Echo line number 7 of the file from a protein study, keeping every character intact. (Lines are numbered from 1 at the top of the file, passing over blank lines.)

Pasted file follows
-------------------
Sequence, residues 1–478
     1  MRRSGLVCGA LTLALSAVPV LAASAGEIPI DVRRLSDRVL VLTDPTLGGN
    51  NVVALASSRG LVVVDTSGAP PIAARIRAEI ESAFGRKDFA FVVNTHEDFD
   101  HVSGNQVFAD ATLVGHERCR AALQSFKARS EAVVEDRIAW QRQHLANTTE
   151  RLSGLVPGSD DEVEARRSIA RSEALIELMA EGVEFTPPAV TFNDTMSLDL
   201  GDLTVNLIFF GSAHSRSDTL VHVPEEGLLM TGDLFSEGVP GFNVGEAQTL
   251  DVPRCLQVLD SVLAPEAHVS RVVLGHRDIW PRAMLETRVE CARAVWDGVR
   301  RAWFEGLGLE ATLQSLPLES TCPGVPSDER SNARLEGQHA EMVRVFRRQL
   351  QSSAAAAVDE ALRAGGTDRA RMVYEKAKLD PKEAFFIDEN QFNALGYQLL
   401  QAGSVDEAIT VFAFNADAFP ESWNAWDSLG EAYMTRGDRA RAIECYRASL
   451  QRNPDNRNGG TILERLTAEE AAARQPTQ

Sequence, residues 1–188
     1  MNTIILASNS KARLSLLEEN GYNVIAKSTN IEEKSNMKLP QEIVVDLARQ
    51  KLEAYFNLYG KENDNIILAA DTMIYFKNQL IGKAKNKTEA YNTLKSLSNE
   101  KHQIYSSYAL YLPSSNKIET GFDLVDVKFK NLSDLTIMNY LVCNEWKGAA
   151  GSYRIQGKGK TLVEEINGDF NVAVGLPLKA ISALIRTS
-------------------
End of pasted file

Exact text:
   251  DVPRCLQVLD SVLAPEAHVS RVVLGHRDIW PRAMLETRVE CARAVWDGVR